US recycling company Redwood Materials said it is helping to decommission a first-generation energy storage project in Hawaii, US.
The Anahola substation, comprising a 4.6MWh battery storage system, is just eight years old – commissioned in 2015 as part of a solar project by Kauaʻi Island Utility Cooperative (KIUC).
KIUC said the project was built on land leased from the Department of Hawaiian Home Lands. It consisted of a 12MW solar array, a new substation and the BESS. The solar array and substation will continue to operate after the BESS is decommissioned.
Alison Young of KIUC told BEST: “The Anahola Saft batteries from 2015 were our first major battery storage system. They are still operable and have capacity, but the costs to KIUC to maintain they system outweigh the current benefit. Since they were installed we have added Tesla and AES battery systems which are significantly larger and are maintained by those vendors. The Saft batteries served their purpose but are no longer needed.”
KIUC’s chief of operations, Brad Rockwell, added: “To my knowledge this is the first utility-scale lithium-ion battery that’s being recycled in the state of Hawaiʻi. Lithium-ion batteries are unique in that there’s a fair amount of materials that are worth going through the process of shipping them to a recycling facility to get the raw materials to be reused in new battery systems.”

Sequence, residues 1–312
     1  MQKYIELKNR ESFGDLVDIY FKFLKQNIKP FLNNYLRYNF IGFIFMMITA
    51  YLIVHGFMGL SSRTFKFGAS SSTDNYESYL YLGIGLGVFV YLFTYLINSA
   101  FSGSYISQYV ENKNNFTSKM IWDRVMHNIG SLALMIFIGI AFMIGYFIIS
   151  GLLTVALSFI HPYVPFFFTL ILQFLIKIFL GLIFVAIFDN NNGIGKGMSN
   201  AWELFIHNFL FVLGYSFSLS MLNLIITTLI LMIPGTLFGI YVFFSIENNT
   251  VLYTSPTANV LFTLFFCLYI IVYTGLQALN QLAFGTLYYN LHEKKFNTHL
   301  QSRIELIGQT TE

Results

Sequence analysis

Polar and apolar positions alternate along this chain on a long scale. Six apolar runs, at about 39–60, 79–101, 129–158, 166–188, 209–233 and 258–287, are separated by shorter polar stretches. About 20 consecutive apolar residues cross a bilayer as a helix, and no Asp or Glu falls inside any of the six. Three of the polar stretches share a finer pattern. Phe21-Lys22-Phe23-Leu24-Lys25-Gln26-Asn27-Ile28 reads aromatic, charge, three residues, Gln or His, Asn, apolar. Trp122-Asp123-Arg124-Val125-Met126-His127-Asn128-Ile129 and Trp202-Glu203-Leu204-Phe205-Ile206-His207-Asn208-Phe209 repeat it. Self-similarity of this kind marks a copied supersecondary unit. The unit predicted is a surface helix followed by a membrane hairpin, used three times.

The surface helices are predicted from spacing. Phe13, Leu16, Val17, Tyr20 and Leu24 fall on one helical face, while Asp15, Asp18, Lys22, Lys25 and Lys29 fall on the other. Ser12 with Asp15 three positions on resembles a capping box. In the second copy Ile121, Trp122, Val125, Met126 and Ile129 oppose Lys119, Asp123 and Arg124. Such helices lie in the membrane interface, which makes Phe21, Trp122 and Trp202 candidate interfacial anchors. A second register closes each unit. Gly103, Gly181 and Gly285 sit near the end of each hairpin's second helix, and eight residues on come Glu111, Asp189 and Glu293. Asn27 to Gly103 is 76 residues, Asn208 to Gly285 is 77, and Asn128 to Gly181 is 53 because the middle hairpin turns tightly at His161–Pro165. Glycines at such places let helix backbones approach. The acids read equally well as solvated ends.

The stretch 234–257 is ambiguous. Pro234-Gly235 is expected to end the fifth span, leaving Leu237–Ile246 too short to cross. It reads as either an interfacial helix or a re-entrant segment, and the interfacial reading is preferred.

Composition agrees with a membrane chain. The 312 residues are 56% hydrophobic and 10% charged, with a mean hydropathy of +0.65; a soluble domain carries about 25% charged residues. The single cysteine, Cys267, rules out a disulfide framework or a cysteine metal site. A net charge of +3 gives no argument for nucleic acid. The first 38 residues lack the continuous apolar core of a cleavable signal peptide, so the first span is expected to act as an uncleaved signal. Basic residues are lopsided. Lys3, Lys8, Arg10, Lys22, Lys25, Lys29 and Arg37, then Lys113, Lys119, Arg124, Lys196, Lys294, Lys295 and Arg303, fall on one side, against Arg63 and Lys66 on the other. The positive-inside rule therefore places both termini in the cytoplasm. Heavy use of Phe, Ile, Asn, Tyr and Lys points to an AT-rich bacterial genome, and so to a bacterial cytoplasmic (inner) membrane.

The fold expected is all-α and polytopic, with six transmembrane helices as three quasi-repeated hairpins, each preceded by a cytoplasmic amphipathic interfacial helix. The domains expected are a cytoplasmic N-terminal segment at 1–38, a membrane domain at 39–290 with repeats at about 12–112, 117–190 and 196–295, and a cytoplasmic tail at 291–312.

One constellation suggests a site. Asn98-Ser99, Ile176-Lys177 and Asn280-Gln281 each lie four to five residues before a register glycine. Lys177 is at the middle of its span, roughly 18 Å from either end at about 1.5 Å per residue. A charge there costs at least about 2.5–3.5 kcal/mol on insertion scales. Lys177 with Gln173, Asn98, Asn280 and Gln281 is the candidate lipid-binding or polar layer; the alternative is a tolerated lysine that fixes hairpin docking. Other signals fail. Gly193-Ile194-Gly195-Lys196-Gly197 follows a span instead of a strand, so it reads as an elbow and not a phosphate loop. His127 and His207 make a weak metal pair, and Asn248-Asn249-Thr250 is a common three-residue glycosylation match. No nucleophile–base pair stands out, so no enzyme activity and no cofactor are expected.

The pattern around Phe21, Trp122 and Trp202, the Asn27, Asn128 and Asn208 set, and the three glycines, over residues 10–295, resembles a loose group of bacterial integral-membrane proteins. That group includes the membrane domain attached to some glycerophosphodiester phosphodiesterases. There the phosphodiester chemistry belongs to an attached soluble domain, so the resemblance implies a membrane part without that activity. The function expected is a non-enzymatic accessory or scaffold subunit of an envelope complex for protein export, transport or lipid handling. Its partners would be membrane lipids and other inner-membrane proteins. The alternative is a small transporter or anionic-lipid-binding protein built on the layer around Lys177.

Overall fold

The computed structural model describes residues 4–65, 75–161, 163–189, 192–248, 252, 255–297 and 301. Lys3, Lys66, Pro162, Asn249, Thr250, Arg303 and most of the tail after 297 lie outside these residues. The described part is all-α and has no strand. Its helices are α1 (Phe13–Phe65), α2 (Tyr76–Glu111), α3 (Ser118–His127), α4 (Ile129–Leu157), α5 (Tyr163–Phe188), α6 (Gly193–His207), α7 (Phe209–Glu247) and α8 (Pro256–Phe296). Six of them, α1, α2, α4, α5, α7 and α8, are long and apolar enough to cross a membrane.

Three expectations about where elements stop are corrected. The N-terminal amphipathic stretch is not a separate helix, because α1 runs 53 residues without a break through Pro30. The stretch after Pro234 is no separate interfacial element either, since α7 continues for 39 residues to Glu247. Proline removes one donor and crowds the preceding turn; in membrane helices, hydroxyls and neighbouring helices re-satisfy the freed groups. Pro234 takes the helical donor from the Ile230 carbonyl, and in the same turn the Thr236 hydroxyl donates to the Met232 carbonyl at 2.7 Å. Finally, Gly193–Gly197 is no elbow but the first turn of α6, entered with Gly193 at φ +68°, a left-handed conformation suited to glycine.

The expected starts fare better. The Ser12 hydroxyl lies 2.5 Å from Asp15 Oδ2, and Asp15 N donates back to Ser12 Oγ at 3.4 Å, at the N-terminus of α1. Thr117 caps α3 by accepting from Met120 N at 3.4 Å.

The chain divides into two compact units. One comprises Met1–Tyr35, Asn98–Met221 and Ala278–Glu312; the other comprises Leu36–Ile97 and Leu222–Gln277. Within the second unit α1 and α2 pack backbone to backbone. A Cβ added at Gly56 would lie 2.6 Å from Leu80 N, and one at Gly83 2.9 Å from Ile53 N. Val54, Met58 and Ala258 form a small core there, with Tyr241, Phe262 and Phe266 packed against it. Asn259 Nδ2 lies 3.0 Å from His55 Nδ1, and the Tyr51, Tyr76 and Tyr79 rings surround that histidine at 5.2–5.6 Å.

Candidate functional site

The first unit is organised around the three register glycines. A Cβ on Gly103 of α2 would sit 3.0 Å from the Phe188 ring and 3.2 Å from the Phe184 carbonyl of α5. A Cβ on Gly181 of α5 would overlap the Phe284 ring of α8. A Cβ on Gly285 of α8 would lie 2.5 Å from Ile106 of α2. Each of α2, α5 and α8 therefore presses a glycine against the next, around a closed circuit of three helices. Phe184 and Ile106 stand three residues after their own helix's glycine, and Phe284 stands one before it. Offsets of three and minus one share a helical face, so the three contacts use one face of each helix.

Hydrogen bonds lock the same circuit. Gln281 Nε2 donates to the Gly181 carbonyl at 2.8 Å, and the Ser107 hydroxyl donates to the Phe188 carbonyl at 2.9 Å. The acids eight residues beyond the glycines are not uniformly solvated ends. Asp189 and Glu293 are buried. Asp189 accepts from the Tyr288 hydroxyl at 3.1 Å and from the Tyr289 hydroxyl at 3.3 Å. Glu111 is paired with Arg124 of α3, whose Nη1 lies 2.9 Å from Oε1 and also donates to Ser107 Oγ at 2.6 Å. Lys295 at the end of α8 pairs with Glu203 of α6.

Redwood said KIUC commissioned a BESS from Tesla almost a decade ago. It is still in operation. The 6MW/4.6MWh lithium nickel-cobalt-aluminium oxide BESS will now operate as a direct-to-grid solar facility, according to the company.
Young added they plan to install a larger battery array to two existing solar power plants with federal funds recently awarded.
This is reportedly Redwood’s largest stationary storage decommissioning, which it thinks could serve as an industry model for future, gigawatt-scale projects. Redwood said it is managing its decommissioning, transport and recycling at its northern Nevada facility.
Young added that Kauai is an island in the middle of the Pacific Ocean, which is a very corrosive, salt-air environment. This facility is located very close to the east coastal area of Kauai and is directly in the path of prevailing tradewinds. The aging of the containers seen in the photo is normal for any structure of this nature on Kauai, she said.
Photo: Battery cabinets being recycled at the Anahola substation